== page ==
Canada, 2010; Carl Bessai
One of Canada's best-known directors, Bessai charmed audiences in 2008 with a loosey-goosey movie called Mothers and Daughters, which chronicled relations between various mommies dearest and their girls. Now Fathers and Sons follows, with Sisters and Brothers soon to be released. Casually interweaving a quartet of narrative snapshots, Bessai digs into the ways dads can cruelly or comically frustrate and disappoint their offspring. Reuniting after their father's demise, four wildly different lads—lawyer, loser, New Ager, showbiz celeb—act out prickly fraternal dynamics, encouraged all their lives by a scheming paterfamilias whose snarky last will and testament provokes more of the same. A successful black businessman comes home after losing his job to the economic downturn and feels doubly betrayed, by his father's lifelong lack of ambition and the old man's donation of money his son gave him to a community sports center. A young Indo-Canadian, trying for buttoned-down dignity at his engagement party, blows a fuse over his gay dad's Bollywood flamboyance. And finally, in a farcical tale that breeds belly laughs, a sad sack Jewish teacher meets his larger-than-life progenitor for the first time over his mother's grave. Full of earthy appetite, the hulking, red-bearded fellow brings the boy up in fast-motion, playing Yiddish Zorba to repressed schlub. Fathers and Sons doesn't go much more than skin deep into character and emotion; and love's the solution to every familial contretemps. But one could do a lot worse—say, watching Letters from the Big Man—than spending some time with Bessai's Fathers and Sons. Enjoy the movie's uniquely Canuck and mostly very gentle humor, and the easygoing, sometimes improvised ensemble work from actors much admired north of the border (Benjamin Ratner, Jay Brazeau, Manoj Sood, Babz Chula, Blu Mankuma, Tyler Labine, et al.)  —KAM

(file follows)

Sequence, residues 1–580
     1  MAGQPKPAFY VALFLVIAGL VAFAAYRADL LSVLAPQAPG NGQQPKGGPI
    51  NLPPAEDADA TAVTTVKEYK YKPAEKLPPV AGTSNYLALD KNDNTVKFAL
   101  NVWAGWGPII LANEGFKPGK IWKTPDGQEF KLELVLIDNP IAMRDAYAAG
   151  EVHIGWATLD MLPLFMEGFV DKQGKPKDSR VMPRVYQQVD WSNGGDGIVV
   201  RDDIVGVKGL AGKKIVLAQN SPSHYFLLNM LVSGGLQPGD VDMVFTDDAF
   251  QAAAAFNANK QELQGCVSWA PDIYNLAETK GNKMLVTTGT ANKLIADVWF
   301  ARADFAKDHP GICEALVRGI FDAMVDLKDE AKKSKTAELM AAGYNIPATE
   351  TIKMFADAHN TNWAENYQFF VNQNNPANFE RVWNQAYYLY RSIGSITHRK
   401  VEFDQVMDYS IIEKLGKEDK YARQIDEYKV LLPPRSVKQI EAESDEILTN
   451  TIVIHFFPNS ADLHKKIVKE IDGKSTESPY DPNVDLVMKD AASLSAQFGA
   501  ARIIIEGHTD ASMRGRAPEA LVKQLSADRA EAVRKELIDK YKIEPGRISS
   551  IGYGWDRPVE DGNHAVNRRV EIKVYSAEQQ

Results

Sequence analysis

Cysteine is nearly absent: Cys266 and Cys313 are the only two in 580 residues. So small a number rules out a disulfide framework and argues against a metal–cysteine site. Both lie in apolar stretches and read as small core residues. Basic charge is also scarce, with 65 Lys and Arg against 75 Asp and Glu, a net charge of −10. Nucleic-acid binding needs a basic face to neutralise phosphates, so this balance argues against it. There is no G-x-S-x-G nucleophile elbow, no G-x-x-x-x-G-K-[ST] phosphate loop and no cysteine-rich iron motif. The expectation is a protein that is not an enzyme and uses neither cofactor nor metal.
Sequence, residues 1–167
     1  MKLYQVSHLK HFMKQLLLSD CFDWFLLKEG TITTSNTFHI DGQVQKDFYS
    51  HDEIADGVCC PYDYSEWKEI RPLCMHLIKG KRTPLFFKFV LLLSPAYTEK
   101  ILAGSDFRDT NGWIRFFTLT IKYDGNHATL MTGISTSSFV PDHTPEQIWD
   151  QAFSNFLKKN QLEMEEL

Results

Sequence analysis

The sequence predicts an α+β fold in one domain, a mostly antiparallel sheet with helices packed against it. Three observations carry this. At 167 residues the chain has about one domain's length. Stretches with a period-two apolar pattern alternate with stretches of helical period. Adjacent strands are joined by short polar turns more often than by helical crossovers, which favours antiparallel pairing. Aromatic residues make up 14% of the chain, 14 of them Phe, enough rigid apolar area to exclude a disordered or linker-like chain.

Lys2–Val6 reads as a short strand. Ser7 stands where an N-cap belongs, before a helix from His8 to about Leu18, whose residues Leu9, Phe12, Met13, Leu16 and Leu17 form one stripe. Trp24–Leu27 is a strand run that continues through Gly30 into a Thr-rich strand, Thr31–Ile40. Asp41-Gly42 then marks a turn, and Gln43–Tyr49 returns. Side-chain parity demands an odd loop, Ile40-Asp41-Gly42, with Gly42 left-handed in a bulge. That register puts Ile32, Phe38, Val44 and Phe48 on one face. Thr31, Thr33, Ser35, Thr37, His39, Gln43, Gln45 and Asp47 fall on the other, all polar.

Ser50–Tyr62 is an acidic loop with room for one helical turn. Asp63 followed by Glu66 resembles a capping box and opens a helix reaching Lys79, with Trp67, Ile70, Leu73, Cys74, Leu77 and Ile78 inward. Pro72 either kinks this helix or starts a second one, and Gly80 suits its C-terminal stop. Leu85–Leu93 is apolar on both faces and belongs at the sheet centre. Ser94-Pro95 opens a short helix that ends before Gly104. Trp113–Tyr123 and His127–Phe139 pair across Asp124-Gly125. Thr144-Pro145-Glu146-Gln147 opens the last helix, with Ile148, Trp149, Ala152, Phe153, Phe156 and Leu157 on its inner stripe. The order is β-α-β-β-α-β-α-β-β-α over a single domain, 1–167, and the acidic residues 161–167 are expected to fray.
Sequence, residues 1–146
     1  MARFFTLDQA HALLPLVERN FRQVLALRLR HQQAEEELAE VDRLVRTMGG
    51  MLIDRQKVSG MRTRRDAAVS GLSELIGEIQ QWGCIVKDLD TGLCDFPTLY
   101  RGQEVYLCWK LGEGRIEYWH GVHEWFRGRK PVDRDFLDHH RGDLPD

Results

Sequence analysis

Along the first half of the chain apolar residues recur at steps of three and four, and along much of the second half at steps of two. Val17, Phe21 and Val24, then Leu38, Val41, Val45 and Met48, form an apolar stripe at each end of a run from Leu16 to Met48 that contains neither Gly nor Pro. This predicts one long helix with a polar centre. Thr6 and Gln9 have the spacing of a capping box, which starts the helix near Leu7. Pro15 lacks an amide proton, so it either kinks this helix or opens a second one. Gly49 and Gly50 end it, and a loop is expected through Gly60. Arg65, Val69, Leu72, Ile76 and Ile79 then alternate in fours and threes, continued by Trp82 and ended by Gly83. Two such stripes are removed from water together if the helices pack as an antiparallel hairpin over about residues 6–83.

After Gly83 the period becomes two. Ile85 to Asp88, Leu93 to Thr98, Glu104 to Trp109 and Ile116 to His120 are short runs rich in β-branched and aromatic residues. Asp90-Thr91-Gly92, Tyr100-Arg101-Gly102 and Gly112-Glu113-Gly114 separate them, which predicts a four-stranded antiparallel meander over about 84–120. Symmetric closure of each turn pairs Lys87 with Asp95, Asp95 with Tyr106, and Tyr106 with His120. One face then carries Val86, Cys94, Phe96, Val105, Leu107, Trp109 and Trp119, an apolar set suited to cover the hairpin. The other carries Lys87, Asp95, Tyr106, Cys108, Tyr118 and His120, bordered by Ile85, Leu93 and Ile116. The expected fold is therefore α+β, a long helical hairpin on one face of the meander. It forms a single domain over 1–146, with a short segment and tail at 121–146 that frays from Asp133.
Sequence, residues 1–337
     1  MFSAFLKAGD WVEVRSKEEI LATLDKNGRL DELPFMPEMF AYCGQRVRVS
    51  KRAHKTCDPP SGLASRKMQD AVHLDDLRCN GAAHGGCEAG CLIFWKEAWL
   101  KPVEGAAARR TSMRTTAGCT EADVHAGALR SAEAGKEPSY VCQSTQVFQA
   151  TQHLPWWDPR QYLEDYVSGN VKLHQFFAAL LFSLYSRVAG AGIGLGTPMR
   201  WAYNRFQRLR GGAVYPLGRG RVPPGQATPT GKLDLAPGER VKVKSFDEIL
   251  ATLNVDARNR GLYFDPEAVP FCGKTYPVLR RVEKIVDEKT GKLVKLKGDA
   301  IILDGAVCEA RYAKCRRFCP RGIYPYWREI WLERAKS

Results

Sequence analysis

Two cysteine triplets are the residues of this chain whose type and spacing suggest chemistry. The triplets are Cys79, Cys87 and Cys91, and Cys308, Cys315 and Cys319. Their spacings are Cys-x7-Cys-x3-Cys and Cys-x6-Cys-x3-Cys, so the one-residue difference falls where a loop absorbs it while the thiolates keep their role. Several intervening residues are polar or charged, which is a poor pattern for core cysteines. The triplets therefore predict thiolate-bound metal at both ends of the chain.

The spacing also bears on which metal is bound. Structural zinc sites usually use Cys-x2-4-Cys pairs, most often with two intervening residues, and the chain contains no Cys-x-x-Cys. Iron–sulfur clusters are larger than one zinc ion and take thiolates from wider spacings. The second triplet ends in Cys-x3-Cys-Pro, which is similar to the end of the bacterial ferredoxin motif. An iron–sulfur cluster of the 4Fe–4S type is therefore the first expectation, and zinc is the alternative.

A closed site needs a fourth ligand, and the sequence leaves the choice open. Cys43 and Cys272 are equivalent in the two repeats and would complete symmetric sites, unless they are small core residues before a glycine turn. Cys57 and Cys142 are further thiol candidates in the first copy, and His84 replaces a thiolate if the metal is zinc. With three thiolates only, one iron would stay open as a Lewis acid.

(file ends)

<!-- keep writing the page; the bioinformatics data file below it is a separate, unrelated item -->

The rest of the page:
Thursday, May 26, 9:30 p.m. at Harvard Exit; Saturday, May 28, 1 p.m. at the Admiral